But	young	people	sometimes	say	they	don’t	 want	corporal	punishment	to	be	banned.	 Shouldn’t	we	listen	to	them?
Certainly, adults should listen to what children say. But as well as listening, adults should also try to understand children.
Some	children	and	young	people	do	say	that	corporal	punishment	is	good	for	them.	Adults	should	 listen	to	these	children	and	young	people.	But	they	should	also	think	about	why	children	say	this.	 Perhaps	they	don’t	want	to	think	that	their	parents	would	hurt	them	for	no	reason.	Or	perhaps	 everyone	around	them	thinks	that	corporal	punishment	is	good,	and	so	they	think	it	is	normal.	 All	children	have	a	right	to	respect	and	to	be	safe	from	violence.	Children	everywhere	need	protection	 from	violence	just	as	much	as,	or	maybe	even	more	than,	adults.	 In	this	booklet,	we	have	already	said	that	through	research,	lots	of	children	have	been	telling	adults	 how	much	corporal	punishment	hurts	them,	physically	and	emotionally.	See	‘Does	corporal	punishment	 really	hurt?’ Many	children	and	young	people	think	that	corporal	punishment	should	be	banned.	In	many	countries,	 children	are	campaigning	alongside	adults	for	equal	protection	from	violence.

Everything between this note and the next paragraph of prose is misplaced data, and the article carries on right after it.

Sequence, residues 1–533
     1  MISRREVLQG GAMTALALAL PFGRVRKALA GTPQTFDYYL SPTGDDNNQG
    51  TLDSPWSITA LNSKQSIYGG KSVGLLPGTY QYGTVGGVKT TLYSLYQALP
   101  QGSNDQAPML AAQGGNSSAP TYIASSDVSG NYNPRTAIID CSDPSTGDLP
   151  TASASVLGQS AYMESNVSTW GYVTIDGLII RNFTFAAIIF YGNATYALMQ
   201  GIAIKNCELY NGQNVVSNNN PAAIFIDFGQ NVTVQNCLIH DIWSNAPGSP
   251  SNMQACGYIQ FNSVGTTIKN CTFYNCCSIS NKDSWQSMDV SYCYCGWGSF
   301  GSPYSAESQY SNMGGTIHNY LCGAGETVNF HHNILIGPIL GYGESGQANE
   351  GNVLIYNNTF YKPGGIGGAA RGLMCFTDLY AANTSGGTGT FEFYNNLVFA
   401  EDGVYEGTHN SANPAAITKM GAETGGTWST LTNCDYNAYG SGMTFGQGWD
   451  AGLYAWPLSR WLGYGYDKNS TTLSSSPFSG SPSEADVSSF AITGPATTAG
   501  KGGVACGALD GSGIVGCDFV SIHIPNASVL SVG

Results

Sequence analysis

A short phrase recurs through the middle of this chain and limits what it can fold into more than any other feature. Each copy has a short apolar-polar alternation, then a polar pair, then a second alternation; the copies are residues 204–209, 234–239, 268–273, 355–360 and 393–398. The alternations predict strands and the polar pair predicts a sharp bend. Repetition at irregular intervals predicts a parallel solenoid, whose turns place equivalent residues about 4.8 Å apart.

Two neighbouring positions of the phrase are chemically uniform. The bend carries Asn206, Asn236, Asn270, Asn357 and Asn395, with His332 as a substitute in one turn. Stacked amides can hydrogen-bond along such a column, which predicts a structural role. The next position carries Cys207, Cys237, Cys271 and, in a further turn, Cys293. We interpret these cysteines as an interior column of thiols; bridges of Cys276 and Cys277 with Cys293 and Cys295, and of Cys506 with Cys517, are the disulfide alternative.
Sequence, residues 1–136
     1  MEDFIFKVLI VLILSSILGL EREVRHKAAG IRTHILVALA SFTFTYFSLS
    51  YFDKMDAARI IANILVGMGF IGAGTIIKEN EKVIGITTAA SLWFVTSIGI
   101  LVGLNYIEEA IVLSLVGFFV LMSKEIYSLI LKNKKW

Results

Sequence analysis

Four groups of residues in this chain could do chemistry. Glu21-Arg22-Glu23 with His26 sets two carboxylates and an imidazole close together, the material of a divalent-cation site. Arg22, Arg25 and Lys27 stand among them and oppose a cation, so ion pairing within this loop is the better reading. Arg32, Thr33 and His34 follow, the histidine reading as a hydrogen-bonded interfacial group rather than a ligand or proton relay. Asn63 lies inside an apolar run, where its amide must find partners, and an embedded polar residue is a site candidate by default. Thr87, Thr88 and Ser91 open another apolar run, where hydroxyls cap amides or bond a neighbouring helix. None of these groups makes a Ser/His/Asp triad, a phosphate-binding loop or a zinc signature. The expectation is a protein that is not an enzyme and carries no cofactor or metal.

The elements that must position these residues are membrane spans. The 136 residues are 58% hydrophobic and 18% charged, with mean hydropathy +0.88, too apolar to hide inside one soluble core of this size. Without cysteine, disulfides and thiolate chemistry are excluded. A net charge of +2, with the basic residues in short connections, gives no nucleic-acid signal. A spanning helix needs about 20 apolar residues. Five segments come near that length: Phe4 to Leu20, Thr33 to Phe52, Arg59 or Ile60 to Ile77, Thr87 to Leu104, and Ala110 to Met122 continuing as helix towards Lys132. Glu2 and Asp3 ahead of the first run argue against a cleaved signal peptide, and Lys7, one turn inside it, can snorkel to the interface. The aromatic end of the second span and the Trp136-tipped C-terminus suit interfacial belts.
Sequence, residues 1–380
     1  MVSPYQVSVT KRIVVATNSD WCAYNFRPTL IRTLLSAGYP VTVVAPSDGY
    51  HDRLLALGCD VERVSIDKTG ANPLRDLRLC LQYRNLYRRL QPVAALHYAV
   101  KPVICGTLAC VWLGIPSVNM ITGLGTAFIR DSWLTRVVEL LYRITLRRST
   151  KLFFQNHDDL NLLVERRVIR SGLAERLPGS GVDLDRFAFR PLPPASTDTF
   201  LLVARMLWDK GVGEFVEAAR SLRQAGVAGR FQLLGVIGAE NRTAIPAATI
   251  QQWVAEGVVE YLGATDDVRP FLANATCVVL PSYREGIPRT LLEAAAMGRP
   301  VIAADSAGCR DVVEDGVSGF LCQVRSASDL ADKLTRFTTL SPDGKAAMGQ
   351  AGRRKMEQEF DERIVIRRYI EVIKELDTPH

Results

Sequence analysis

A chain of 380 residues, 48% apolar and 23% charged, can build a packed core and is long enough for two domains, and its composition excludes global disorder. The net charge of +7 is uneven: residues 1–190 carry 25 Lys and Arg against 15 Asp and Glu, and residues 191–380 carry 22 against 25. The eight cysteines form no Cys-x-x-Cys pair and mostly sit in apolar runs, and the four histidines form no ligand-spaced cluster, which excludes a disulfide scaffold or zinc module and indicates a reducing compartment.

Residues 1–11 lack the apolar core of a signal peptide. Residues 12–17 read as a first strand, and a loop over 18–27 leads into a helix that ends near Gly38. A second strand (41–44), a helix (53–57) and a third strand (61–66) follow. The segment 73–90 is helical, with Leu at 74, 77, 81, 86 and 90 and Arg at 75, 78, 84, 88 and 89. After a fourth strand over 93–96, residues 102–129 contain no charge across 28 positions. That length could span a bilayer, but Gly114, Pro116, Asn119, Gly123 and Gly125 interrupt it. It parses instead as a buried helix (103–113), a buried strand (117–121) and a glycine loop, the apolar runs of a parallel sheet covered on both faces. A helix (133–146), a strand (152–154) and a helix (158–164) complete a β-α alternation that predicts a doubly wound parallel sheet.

Questions About Banning Corporal Punishment

There	is	a	big	difference	between	beating	a	 child	and	a	loving	hit.	Isn’t	banning	corporal	 punishment	taking	things	too	far?
No. Beating a child may hurt physically more than a ‘loving hit’, but they are both violent and they both violate the child’s human rights.